A Force To Be Reckoned With

Gini Gerbasi, a rector at St. John’s Episcopal Church in Georgetown (Washington DC), wrote a lengthy report on her personal Facebook page on 2 June 2020, right after the events in Lafayette Square.* She was shook up, having one minute been serving snacks to peaceful protestors and the next being driven violently from the park by tear-gas–wielding police. In the moment, she and the others had no idea what was happening.

(Not long after that, it came out that it all had to do with an awkward photo op for the fake president. You can read more about the events as reported by others in the Washington Post, New York Times, NPR, and the BBC.)

I loved her last lines: “… I got too scared and had to leave. I am ok. But I am now a force to be reckoned with.” And I said so on Facebook, finishing with “Pass it on: #aforcetobereckonedwith.” One of my friends left me a message that brought tears to my eyes: “Her last lines evoked you for me. <3” I just turned sixty-seven last weekend, I don’t have the stamina for walking city blocks anymore and can no longer keep up with anything like a peaceful protest (crowds make me uncomfortable), but by golly I can write, right? I’m trying to get my thoughts down as they happen, in the moment. In these historic days and weeks.

That very night a US senator** said on national television something like that: he’d been taking care of legislative business and wasn’t able to march in a local protest, and he acknowledged that at this time, for whatever reason (COVID19 not least among them), not all Americans who feel strongly about this cause can take to the streets. “The least we can do, though,” he said, “is not remain silent.”

And I will not.

* In which peaceful protestors had assembled and were just kinda taking it easy. With snacks. Until the cops arrived.
** Cory Booker, of whom I think very highly. Keep your eye on him.

 

Wanderlust Bites!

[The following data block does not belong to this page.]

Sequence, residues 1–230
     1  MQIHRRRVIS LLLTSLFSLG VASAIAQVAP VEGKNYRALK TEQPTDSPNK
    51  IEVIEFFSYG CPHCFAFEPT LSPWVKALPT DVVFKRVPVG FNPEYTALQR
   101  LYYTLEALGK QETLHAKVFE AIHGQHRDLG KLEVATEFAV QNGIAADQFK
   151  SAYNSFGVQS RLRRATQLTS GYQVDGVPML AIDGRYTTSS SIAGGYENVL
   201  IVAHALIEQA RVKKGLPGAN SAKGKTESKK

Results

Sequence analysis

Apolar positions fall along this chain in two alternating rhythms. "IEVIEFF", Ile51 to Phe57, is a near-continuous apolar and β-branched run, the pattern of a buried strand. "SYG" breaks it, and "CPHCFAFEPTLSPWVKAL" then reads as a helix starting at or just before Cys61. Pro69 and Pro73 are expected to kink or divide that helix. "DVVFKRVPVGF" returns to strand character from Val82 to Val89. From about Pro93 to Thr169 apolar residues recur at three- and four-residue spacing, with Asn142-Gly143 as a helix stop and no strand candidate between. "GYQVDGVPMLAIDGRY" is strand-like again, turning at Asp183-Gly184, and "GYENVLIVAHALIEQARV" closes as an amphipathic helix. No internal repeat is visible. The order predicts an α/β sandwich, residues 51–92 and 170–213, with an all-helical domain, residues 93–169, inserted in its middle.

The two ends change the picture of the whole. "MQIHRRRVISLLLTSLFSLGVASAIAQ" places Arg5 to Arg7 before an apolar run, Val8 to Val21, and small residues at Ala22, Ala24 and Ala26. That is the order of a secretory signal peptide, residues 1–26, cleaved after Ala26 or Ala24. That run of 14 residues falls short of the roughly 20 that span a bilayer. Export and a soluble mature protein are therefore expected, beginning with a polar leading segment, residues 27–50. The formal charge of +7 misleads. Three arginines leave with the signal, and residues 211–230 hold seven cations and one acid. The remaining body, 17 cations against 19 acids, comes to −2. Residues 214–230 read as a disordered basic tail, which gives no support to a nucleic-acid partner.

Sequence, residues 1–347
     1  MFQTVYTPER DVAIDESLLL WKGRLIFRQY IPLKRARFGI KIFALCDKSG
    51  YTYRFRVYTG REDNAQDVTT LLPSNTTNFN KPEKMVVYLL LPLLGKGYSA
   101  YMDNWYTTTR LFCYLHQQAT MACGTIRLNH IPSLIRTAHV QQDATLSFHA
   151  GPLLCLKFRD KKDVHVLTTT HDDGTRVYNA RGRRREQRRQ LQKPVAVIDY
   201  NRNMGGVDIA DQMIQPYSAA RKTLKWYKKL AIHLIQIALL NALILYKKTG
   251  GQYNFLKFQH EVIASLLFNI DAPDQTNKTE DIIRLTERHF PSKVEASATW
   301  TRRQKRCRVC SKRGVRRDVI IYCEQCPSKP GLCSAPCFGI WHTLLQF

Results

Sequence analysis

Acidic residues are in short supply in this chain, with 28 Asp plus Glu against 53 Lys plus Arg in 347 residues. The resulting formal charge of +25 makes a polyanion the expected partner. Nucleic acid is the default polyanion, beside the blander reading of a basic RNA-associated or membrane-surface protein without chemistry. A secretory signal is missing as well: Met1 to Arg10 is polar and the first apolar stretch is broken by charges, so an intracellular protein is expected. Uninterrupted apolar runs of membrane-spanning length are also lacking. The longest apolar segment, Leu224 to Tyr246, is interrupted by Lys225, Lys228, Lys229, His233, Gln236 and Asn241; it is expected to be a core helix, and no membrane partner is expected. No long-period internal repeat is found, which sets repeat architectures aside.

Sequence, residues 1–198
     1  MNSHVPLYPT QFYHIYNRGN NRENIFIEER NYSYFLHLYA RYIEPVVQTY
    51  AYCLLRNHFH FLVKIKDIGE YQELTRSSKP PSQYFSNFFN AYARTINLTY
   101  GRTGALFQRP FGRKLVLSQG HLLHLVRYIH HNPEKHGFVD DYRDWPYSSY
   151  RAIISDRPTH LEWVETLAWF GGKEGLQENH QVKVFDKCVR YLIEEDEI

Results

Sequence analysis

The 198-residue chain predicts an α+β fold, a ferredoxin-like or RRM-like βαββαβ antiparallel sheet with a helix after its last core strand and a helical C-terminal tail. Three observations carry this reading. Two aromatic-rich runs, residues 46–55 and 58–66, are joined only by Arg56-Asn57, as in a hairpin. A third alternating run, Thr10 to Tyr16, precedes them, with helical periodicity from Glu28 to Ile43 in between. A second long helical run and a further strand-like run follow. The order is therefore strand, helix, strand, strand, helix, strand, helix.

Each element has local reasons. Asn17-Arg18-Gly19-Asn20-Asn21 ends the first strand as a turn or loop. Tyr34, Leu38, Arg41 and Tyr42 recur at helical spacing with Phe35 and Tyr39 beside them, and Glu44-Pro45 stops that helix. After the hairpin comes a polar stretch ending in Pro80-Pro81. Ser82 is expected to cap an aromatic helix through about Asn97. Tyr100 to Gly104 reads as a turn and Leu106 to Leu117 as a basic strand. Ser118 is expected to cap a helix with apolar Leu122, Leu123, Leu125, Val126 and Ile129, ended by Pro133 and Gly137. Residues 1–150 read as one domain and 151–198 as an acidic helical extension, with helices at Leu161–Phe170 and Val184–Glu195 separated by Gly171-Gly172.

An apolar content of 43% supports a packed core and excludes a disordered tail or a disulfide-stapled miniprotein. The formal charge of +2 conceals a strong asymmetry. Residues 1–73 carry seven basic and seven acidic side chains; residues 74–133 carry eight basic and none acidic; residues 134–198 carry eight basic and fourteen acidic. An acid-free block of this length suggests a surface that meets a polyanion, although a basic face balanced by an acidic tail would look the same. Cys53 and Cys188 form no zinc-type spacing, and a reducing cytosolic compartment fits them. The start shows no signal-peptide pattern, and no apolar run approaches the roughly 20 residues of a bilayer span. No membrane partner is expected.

In my real life (as opposed to my travel daydream life) I edit books for a living, and I recently edited a wonderful book about a family who spent the better part of a year traveling around the world. (With young children! And it’s not science fiction!)

It inflamed my wanderlust. My wanderlust is off the scale right now.

The stories in the pages of the manuscript made me want to go places I have never, ever had any real desire to see. (China? No. Whiny music. Too much fish in the food. And, you know, evil empire. Someplace in Africa? No. Too hot. Special medical requirements. And I like my creature comforts. But the author made these locales sound appealing, interesting, desirable.)

Just look at this! There are a lot of places/things I’d like to see someday … (Photo from Wikipedia. Baobab trees.)

Just look at this! There are a lot of places/things I’d like to see someday … (Photo from Wikipedia. Baobab trees.)

The travelogue about the young family really moved me.

And this one too: An American couple who lived (separately) in Amsterdam, met, married, and had their child there, return after a stretch of years for a visit to a place they’ve loved well. They spend their vacation living along one of the canals in a home owned by friends. Which is the best way, really, to experience what a place is really like. A hotel can be very sterile, but a private home or apartment drops you right into the life of the place. This New York Times article is a lovely commentary on Amsterdam, and it makes me want to go.

Now, dagnabbit. I’m ready.

Then just this morning a good friend sent me a tweet. “What was the name of that book (from, like, two years ago) set during the war? You loved it.”

Now, I’m good, but I read a lot of books. “Ummm,” I tweet back. “What war?”

“Balkans, orphan girl, hospital, doctor woman—”

“Oh, of course!” The tweets are flying fast now. “A Constellation of Vital Phenomena by Anthony Marra.” I loved that book. Loved it.

Turns out my friend had just spent two “magical” days “in DC in an Airbnb Georgetown flat hosted by the warmest, most interesting woman who lived through the Balkan war. If you and G ever get to DC, stay here! She is now an interpreter and expert in war-conflict resolution.” I read the comments in the link—the owner of the flat gets rave reviews.

Why the Marra? My friend wanted to “imagine her world.” Clearly this Airbnb host made quite an impression. And clearly this is a bedroom I need to sleep in, yes? I’m already wondering how soon we can start planning a visit to our nation’s capital. (We have a couple trips, short ones, already planned. Watch this space.)

In the meantime, I am trying to discern what it all means, the convocation of the manuscript, the article, the message from my friend, all in the space of a couple days. Since, you know, I can’t just quit work and take off every time I get bitten by the wanderlust bug!